JUICE completed a 43-minute burn to prepare for its forthcoming Earth-moon encounter, the first-ever double gravity assist of the two celestial bodies. The spacecraft’s biggest maneuver to yet. “This maneuver used up roughly 363 kilograms [800 pounds] of fuel—or almost exactly 10% of the 3,650 kilograms [8,047 pounds] of fuel that JUICE launched with,” Julia Schwartz, Flight Dynamics Engineer at ESA’s ESOC mission control center in Germany, said in a statement.
JUICE is a European Space Agency (ESA) mission that will examine Jupiter and three of its ice moons: Europa, Callisto, and Ganymede.
JUICE, a single orbital spacecraft with no lander, will orbit Ganymede, the biggest moon in the solar system, becoming the first probe to orbit a planetary moon other than Earth’s.
JUICE successfully launched at 8:14 a.m. on April 14, 2023. EDT (1214 GMT) from Kourou, French Guiana’s Spaceport. But be patient; it will take nearly eight years to reach the solar system’s biggest planet.
The spacecraft launched from French Guiana on April 23, 2023, with the goal of studying Jupiter and three of its frozen, possibly oceanic moons: Ganymede, Callisto, and Europa. However, in order to get there, it must fly past the planets of the inner solar system and use their gravitational tides to slingshot itself toward its destination—a tactic that saves total fuel.
This burn is one of two required to place JUICE on the correct course for the Earth-moon gravity assist, the first of a series of assistance scheduled for August 2024. “This first burn did 95% of the work, changing JUICE’s velocity by almost 200 meters per second [656 feet per second],” Schwartz said. “JUICE is one of the heaviest interplanetary spacecraft ever launched, with a total mass of around 6,000 kilograms [13,228 pounds], so it took a lot of force and a lot of fuel to achieve this.”
ESA will examine JUICE’s new orbit in the next few weeks before calibrating a second fire to fine-tune the probe’s course for the double gravity assist. “If both parts of this maneuver go well, we won’t need to use the main engine again until we enter orbit around Jupiter in 2031,” JUICE Spacecraft Operations Manager Ignacio Tanco stated in a statement. “For small trajectory corrections between now and then, we will use JUICE’s smaller thrusters.”
“For example, we only had an estimate for how the liquid in the fuel tanks will move around as the spacecraft accelerates,” Tanco went on to say. “This is very important to know precisely, because if the fuel behaves differently than we expect, it could cause the spacecraft to drift off course during the burn. So, we are monitoring closely.”
The data from this burn will be used to influence subsequent burns for JUICE’s Jupiter insertion, when the probe will need to slow down by around one kilometer per second (0.62 miles per second) to finally join Jovian orbit.
For the time being, we’re just waiting to see if Juice will return.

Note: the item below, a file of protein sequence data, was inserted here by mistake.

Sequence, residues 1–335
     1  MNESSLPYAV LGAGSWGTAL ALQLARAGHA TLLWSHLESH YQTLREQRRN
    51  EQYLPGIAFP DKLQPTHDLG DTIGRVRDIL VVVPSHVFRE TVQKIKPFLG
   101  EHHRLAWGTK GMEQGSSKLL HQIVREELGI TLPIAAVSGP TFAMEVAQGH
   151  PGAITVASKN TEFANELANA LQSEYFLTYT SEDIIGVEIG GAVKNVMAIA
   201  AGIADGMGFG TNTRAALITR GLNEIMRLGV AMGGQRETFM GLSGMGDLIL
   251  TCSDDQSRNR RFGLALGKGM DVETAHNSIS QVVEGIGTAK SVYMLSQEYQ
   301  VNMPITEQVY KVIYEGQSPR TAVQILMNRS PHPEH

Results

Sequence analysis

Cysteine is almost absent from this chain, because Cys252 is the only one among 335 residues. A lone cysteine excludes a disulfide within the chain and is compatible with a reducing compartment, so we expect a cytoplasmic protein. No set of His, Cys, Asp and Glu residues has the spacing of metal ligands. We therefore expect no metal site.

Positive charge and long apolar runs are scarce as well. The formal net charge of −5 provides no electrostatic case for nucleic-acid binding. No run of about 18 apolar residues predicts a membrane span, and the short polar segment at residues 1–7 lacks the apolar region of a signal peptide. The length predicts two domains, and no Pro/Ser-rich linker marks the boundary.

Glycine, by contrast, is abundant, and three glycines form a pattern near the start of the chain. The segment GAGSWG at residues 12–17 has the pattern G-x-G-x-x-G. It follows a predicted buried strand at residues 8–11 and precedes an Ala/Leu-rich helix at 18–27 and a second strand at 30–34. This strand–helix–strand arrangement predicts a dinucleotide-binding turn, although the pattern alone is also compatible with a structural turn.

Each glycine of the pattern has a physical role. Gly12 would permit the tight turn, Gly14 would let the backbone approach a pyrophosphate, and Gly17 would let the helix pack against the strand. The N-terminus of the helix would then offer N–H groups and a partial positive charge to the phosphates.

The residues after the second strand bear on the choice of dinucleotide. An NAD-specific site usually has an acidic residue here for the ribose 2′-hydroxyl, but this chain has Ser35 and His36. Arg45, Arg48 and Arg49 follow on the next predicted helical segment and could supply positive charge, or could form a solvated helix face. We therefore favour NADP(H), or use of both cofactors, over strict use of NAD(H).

Why did scientists say it will take 8 years for JUICE to arrive on Jupiter?
Jupiter circles Earth at a distance of around 444 million miles (715 million kilometers), so getting to the huge planet is certainly more than a hop, skip, and jump. However, several spacecraft have traveled from Earth to Jupiter far faster than JUICE.
As it turns out, whether a spacecraft will pass past Jupiter or enter orbit for a reasonably long-term mission is one of the key factors influencing the trip time to Jupiter.
NASA’s Pioneer 10, which launched on March 3, 1972, and performed its flyby of Jupiter on December 3, 1973, was the first spacecraft to travel from Earth to Jupiter in 640 days. Pioneer 11’s flyby course was even quicker, hitting Jupiter in just 606 days.
The orbiters, on the other hand, must be more methodical than flyby vehicles because they must travel slowly enough at the conclusion of their mission to be trapped by Jupiter’s gravity. JUICE will travel across outer space for eight years. The Galileo probe, launched in October 1989 and arriving in orbit in December 1995, took almost six years to go to Jupiter. Juno, the agency’s spacecraft, launched in August 2011 and arrived in July 2016.
The mission “will do a complex sequence of gravity assist maneuvers, starting one year after launch, taking moon and Earth gravity assists, both bodies at the same time, to get the extra energy,” according to ESA scientist Alessandro Atzei during a JUICE press event on April 6. “And then we have a Venus flyby gravity assist [and] two more Earth gravity assists in 2026 and 2029 to arrive at Jupiter in the distant July of 2031.”
However, JUICE’s use of gravity aids will not end there. Even when it begins its scientific mission, the spacecraft will require gravitational assistance to reach Ganymede, Europa, and Callisto. (JUICE will first orbit Jupiter, completing several flybys of all three moons, before shifting to Ganymede in 2035, becoming the first probe to orbit a moon other than Earth’s.)
“The gravity assists have to be precise, but we have very capable people in the Mission Control Unit, and they’re accustomed to these maneuvers,” he said.